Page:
That state of flux extends to Ocean’s fixation on growing up. He sings about adulthood with a heavy heart, often pairing age with wavering love or the realization that he disappoints others. “That’s a pretty fucking fast year flew by,” he sings on “Skyline To” with a sense of sadness. “I run my hands through what’s left/ But we’re getting older, baby,” he sings on “Close to You”, adding: “How much longer, baby?/ Why am I preaching?” It’s an echo chamber conversation where disbelief shocks him even if he, and all of us, knows time is one of the few constants in life. Even the groove of “Ivy” can’t lighten the weight of Ocean’s words when he smashes the idea of love (“I thought that I was dreaming when you said you love me/ The start of nothing”), plucked guitar pushing him along the endlessness of childhood hope, even when tinted with pubescent dejection.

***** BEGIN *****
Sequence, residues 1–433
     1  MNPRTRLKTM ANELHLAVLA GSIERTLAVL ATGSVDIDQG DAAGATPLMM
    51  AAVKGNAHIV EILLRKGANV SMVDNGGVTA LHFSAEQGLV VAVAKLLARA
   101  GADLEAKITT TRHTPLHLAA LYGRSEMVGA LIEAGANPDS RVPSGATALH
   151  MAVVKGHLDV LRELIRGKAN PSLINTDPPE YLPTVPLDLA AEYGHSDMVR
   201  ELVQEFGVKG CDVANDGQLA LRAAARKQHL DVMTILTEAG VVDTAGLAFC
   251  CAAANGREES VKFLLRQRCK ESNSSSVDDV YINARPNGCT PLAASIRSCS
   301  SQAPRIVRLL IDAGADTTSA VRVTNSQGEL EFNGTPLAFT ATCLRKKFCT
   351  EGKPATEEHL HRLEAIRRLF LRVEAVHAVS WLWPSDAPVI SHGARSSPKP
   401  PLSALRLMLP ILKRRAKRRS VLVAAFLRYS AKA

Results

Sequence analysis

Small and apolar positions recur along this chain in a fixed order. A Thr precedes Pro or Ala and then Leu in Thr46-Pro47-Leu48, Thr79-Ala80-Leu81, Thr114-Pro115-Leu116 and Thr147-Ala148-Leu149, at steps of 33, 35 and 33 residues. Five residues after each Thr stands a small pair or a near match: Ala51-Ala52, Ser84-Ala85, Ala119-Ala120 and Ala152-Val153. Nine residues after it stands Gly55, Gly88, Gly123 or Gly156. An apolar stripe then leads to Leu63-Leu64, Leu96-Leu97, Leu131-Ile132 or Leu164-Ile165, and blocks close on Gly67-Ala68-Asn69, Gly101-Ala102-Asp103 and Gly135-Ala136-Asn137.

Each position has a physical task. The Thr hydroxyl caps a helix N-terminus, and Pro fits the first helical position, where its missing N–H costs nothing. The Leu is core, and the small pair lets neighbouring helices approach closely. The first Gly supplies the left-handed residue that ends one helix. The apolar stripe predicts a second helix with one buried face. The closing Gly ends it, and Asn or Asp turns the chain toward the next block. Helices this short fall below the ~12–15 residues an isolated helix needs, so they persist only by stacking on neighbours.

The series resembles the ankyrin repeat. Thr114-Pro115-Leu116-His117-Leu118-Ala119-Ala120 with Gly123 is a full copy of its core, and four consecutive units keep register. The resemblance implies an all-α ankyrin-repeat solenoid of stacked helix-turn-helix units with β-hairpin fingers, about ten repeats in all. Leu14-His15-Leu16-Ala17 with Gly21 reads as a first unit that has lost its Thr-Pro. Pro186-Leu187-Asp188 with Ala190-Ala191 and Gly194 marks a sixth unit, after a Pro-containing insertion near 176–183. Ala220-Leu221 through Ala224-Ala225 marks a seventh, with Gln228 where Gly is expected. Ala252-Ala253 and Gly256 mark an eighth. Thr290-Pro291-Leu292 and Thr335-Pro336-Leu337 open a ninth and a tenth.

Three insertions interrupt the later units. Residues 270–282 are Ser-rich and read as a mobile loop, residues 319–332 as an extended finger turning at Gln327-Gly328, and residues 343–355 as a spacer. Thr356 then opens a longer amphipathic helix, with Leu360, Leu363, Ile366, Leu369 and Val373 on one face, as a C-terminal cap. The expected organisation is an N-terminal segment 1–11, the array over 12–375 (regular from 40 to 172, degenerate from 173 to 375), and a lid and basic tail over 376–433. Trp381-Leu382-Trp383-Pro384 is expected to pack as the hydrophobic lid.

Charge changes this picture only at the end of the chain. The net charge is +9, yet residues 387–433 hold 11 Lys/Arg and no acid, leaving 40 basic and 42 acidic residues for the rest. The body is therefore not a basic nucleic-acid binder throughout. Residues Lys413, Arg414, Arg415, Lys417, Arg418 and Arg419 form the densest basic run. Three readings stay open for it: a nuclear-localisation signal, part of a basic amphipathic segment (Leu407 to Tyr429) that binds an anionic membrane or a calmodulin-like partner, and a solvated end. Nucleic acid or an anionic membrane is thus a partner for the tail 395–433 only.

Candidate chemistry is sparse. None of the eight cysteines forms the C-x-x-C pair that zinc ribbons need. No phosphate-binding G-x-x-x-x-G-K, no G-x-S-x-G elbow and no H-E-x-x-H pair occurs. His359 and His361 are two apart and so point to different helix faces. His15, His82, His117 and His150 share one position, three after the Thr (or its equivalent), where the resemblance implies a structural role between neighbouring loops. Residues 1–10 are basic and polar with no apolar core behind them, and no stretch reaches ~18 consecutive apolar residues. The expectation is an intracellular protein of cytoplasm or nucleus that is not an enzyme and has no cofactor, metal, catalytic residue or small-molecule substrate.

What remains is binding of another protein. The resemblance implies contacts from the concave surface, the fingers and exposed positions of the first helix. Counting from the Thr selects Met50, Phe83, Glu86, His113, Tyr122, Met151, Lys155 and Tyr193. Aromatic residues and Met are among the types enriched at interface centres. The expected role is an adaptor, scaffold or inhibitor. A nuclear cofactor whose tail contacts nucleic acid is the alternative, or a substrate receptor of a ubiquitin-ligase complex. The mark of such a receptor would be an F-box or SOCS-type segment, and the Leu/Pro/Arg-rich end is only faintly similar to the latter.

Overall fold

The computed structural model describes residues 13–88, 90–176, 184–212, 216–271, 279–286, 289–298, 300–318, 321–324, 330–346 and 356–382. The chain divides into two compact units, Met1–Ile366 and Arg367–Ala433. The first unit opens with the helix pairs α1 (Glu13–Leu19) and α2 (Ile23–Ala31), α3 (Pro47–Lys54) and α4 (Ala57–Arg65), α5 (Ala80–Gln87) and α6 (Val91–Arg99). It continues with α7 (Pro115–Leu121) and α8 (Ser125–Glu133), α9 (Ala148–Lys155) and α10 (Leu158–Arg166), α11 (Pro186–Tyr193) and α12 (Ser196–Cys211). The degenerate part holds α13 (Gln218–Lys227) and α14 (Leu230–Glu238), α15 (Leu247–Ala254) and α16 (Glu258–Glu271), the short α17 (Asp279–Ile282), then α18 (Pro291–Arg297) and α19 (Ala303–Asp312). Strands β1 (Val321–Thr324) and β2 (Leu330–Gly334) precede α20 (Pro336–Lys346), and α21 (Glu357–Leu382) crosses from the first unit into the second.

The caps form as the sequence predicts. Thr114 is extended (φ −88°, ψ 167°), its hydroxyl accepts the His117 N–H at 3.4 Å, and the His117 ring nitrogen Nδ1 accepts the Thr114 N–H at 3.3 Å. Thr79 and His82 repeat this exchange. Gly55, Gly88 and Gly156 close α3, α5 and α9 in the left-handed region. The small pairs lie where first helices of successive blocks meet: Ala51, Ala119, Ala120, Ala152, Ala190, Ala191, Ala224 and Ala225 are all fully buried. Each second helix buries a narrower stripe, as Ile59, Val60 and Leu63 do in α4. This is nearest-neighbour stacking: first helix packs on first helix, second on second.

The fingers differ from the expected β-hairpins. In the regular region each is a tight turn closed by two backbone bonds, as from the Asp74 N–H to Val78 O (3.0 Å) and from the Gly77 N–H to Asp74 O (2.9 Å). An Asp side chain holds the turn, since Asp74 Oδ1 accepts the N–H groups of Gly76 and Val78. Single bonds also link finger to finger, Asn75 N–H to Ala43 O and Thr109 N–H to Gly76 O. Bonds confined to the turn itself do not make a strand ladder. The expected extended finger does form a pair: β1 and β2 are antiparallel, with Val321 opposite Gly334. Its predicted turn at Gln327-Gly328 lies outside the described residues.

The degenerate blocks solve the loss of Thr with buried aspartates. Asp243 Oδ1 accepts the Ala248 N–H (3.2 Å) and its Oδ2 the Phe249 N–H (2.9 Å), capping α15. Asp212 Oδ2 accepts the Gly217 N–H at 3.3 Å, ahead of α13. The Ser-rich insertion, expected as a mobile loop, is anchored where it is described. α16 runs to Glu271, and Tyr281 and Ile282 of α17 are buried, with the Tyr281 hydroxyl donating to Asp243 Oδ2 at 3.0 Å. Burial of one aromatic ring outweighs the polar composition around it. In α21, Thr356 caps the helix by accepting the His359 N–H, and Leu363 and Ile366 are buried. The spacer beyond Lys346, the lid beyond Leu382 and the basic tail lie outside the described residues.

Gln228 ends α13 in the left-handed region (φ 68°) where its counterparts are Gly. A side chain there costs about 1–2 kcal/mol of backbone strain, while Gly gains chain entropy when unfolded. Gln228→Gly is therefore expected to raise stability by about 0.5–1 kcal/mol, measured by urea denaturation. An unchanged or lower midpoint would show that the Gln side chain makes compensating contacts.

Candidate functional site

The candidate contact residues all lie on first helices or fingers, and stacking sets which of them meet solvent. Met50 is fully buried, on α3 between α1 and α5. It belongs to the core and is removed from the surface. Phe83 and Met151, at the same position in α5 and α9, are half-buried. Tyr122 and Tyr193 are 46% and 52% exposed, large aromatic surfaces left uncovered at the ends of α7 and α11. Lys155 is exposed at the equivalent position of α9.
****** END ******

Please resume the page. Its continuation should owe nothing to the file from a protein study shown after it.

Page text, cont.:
So when Blonde closes with “Futura Free”, Ocean’s longest and most heartfelt yearning for youth, it feels strangely like a combination of a depressed sigh and a loving acceptance of reality. It’s the sonic equivalent of flipping through a yearbook and feeling a pang when your eyes land on group photos and inked inside jokes. After the halfway mark, an old interview between Ocean and his younger brother plays over the “Be Yourself” instrumental. The bittersweet sentimentality of family, naivety, and dreams reaches peak pang — and Ocean feels it intensely.